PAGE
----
Individuals reported more than £19m of suspected pension fraud in 2015/16 and the government believes that ‘more direct intervention’ is required to tackle the issue. It has published a consultation paper on a package of proposed new measures aimed at tackling pension scams including:

  • limiting members’ statutory transfer rights;
  • banning cold calling in relation to pensions; and
  • changing HMRC’s registration process for new pension schemes to make it harder for fraudsters to open small pension schemes.

The consultation closes on 13 February 2017. The government’s timescales for implementing the proposed new measures are not clear.

A new definition of ‘pension scam’

The consultation paper highlights that the defined contribution pension freedoms have widened the scope of pension scams activity in recent years and, recognising this, proposes a new, expanded definition of ‘pension scam’ - the marketing of products and arrangements and successful or unsuccessful attempts by a party to:

  • release funds from an HMRC registered pension scheme, often resulting in a tax charge not usually anticipated by the member;
  • persuade individuals over the age of 55 to flexibly access their pension savings in order to invest in inappropriate investments; and/or
  • persuade individuals under 55 to transfer their pension savings in order to invest in inappropriate investments,

where the scammer has misled the individual in relation to the nature of, or risks attached to, the purported investment(s) or their appropriateness for that individual investor. Respondents are asked if this new definition covers all of the key areas of potential detriment for consumers.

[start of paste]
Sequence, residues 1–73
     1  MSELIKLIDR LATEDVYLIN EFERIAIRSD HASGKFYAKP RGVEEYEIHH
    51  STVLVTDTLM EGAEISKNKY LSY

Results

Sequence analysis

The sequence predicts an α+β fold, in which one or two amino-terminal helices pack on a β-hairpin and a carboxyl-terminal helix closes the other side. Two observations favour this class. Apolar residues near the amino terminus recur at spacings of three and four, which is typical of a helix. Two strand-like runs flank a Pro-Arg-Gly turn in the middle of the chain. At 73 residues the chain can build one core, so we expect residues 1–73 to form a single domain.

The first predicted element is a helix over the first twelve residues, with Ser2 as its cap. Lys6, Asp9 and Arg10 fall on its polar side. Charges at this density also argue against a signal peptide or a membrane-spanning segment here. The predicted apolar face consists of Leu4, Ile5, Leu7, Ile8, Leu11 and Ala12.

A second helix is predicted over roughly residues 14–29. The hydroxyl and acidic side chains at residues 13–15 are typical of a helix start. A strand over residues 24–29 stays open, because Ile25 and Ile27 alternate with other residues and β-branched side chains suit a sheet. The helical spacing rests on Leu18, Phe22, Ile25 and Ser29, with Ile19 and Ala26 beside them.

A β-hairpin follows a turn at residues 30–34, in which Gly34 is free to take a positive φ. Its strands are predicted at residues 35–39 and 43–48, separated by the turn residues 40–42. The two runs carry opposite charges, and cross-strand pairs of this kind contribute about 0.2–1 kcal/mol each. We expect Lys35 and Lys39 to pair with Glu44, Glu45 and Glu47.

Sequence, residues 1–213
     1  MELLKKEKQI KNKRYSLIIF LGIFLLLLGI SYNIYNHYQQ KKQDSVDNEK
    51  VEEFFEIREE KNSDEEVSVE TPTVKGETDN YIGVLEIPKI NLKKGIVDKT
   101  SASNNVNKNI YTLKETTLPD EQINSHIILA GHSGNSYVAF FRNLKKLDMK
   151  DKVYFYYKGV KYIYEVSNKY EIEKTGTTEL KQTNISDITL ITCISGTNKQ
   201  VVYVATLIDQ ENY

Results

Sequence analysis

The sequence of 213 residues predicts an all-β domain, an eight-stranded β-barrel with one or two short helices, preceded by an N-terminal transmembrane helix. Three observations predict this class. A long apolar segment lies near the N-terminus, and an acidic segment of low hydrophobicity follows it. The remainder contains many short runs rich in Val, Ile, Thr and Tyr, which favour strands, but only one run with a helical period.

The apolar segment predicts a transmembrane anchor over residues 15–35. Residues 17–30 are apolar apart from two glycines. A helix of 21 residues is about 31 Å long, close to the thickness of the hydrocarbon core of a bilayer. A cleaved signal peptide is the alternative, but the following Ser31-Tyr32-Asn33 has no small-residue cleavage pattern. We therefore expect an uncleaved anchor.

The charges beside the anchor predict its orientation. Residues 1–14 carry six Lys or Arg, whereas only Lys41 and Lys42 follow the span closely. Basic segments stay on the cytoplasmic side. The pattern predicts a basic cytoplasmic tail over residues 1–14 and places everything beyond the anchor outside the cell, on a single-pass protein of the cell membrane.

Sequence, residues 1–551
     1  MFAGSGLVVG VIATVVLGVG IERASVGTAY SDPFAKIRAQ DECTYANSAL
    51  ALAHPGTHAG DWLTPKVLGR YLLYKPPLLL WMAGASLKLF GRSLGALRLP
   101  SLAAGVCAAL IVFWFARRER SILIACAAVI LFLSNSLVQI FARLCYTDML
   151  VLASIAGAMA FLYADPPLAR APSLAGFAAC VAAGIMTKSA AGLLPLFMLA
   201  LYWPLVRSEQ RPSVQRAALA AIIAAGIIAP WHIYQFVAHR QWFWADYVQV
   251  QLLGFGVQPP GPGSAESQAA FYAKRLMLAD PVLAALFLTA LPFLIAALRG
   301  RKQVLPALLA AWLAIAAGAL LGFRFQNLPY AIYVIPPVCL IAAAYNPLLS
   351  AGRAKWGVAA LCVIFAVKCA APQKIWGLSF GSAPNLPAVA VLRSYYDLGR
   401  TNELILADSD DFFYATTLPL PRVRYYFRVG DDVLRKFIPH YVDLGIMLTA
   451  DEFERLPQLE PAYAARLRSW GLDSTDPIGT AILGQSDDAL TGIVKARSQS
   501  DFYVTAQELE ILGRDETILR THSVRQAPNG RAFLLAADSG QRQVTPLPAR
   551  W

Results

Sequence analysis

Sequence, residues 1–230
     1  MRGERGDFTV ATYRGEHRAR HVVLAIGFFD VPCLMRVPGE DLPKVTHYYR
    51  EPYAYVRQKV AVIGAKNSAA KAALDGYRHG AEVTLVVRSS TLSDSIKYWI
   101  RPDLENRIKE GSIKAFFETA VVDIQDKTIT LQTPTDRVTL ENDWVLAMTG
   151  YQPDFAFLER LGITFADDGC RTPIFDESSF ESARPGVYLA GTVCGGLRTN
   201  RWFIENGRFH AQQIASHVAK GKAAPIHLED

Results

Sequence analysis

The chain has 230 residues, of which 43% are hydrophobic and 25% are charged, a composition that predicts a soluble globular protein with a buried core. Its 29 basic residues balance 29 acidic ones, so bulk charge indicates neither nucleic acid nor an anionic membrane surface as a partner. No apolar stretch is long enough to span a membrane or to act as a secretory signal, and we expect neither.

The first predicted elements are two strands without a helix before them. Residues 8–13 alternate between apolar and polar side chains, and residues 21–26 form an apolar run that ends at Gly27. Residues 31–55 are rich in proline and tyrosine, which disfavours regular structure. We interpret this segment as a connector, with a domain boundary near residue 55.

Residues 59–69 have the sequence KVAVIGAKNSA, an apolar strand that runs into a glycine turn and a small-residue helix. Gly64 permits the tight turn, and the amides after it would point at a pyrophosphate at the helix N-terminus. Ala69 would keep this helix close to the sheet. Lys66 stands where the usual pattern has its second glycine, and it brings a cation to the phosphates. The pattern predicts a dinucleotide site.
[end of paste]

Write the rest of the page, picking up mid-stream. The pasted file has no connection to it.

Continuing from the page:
Limiting members’ statutory transfer rights

Pension scams are often facilitated by a transfer to an apparently legitimate pension scheme. Under the current pension transfer legislation it can be very difficult for trustees and pension providers to refuse a transfer even when there are concerns that the receiving scheme is not legitimate. The limits on trustees’ ability to block transfers were highlighted earlier this year in the case of Hughes v Royal London (click here for our article on the decision) where the court adopted a wide interpretation of the statutory transfer requirements and held that a member needn’t have an earnings link with the sponsoring employer of a receiving scheme. This decision effectively ruled out one potential route for trustees and pension providers to refuse transfers where they have suspicions of a pension scam.

The government is proposing to amend the statutory transfer provisions so that a member will only have a statutory transfer right where:

  • the receiving scheme is a personal pension scheme operated by an FCA authorised firm or entity;
  • a genuine employment link to the receiving occupational pension scheme can be demonstrated, with evidence of regular earnings from that employment and confirmation that the employer has agreed to participate in the receiving scheme; or
  • the receiving scheme is an authorised master trust.

Transfers that don’t meet these requirements would still be permitted at the trustees’ or pension providers’ discretion in accordance with the scheme rules, i.e. as non-statutory transfers.

The consultation paper acknowledges that this proposal is not without its difficulties (for example, in circumstances of zero hours contracts where regular earnings may not exist) and moots alternatives including requiring ‘insistent’ members to sign a discharge in relation to pension scams risks and/or introducing a 14 day statutory cooling off period for pension transfers.

Cold calling and HMRC registration

The government believes that cold calling is the most common method used to initiate pension fraud with 97% of cases brought to Citizen’s Advice involving pension scams stemming from cold calling. The government is proposing to tighten the existing rules on cold calling to impose a complete ban on cold calls in relation to pensions and to give the Information Commissioner’s Office (ICO) power to impose fines on those who breach the ban.

In addition, to address perceived issues with the use of small self-administered schemes (SSASs) by pension scammers the government is proposing that only active (i.e. non-dormant) companies will be able to register a new pension scheme with HMRC.